Here are a few guidelines and reminders when changing existing functionality in software (though this could probably apply to any type of business that sells a product or service):

  • Will the changes make life better for at least one of your internal stakeholders — support, engineering, sales, marketing, services? Will it reduce the number of support requests? Will it make the product easier to maintain? Easier to sell?
  • Will they help 80% of your current customer base? Of course, it should also make things better for future customers (that’s presumably why you’re changing it), but don’t forget the people that got you to where you are.
  • Will they negatively impact less than 5% of your current customers? SaaS makes this much easier to assess and conversely, installed software makes it very difficult. Have a rough plan of action of how you intend to address any problems that arise as a result of the change.
  • Communicate. Make sure you let people know what you change — in your product release notes, in personal emails to customers, on Twitter, wherever you can! Be prepared to justify your decision. We usually have good reasons for changing things. Our customers are smart and it’s up to us to convince them that a change is for the better.
  • Not everyone will be happy. This is a fact of life and a fact of software too. Despite your best intentions and efforts to accommodate your customers, there will always be vocal detractors whenever anything changes. This is one of the toughest aspects of product management especially when you know many of your customers by name. Remember that very few changes to software can truly benefit all of your users. Be willing to talk openly about your decision, try not to lose too much sleep, and stay positive!

Software developers: how does your organization approach changes to its software? Software users: what could do better when making changes to software that you use?

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Product Mascots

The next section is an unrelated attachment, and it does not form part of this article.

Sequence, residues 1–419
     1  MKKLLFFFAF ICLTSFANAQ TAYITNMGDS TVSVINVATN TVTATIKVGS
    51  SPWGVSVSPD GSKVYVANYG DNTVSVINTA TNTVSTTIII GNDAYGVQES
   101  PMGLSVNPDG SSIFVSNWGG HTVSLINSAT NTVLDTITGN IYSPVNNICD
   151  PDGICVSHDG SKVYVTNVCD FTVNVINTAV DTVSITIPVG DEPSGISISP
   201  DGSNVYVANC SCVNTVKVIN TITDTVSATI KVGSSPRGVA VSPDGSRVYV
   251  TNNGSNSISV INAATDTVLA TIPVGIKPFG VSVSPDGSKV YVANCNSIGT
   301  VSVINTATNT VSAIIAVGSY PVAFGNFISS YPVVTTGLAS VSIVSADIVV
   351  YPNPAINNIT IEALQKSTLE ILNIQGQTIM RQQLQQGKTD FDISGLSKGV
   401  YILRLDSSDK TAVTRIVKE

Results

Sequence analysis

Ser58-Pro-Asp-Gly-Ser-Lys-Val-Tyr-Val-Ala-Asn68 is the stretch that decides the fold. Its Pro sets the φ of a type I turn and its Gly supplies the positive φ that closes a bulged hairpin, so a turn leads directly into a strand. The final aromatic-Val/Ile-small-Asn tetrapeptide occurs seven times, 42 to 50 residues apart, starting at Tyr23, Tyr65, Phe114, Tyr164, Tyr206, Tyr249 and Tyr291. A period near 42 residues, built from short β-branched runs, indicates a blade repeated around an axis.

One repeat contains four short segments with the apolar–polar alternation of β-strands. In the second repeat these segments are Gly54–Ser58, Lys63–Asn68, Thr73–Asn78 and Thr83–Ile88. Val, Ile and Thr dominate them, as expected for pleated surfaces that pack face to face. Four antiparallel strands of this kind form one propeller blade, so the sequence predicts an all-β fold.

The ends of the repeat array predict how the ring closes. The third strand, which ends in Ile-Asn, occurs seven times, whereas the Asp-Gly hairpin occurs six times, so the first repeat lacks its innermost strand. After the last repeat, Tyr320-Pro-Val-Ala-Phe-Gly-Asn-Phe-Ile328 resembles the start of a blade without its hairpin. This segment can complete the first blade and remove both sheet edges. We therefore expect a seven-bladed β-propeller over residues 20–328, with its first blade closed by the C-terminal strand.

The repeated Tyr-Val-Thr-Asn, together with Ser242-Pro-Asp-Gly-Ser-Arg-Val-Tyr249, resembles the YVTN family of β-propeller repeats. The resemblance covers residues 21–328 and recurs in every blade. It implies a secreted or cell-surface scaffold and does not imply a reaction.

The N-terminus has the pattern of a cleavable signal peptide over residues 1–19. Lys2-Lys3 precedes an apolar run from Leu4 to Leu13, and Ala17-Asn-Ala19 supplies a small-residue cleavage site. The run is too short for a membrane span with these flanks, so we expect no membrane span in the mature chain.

I’ve been working on a cool, new product called Spectate which is an inbound marketing tool made by the awesome folks at Hannon Hill. A few people on our team realized something really important: every product needs a mascot. Meet Spectate’s mascot, the “Spectato”:

The Spectato

I love aliteration which is probably why I’m such a fan. Thanks Syl Turner (@SylTurner) for the drawing!

What’s your product’s mascot?

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Spring-enabled Quartz jobs: the right way!

So we’ve been using Spring and Quartz together at my company for a couple of years and I finally had one of those face-palm moments where I realized… we’d been doing it wrong. We needed to make Spring-managed beans accessible to our Quartz jobs that were being instantiated at run-time by the Quartz scheduler. Our solution was to create a “holder bean” that provided static access to our Spring-managed services. It always seemed wrong and I was sure Spring had to have a more elegant way of doing it, but couldn’t find it in specifically mentioned in their documentation about Quartz integration. Thanks Alex Marshall for this post which prompted me to read the JavaDocs of the SchedulerFactoryBean and figure out how to pass Spring beans to Jobs not with the JobDetail (which in our case is serialized to a database) but with the Scheduler context using SchedulerFactoryBean’s “schedulerContextAsMap” property. So with a quick addition to the SchedulerFactoryBean configuration in our Spring applicationContext file:

<bean id="sched"
  class="org.springframework.scheduling.quartz.SchedulerFactoryBean">
  <property name="schedulerContextAsMap">
    <map>
      <entry key="<springBeanName>" value-ref="<springBean>" />
    </map>
  </property>
</bean>

we can now access this Spring bean from a Quart job instantiated by the Scheduler during runtime:

/* (non-Javadoc)
 * @see org.quartz.Job#execute(org.quartz.JobExecutionContext)
 */
public void execute(JobExecutionContext context) throws JobExecutionException 
{
  try {
    SchedulerContext cxt = context.getScheduler.getContext();
    SpringBean bean = (ServiceBean) cxt.get("beanName");
    ...do stuff with Spring bean...
  } catch (SchedulerException e) {
   throw new JobExecutionException(e);
  }
}

You can do this more holistically by adding the entire Spring ApplicationContext object to the Scheduler context using the SchedulerFactoryBean’s “setApplicationContextSchedulerContextKey” property. That’s a mouthful!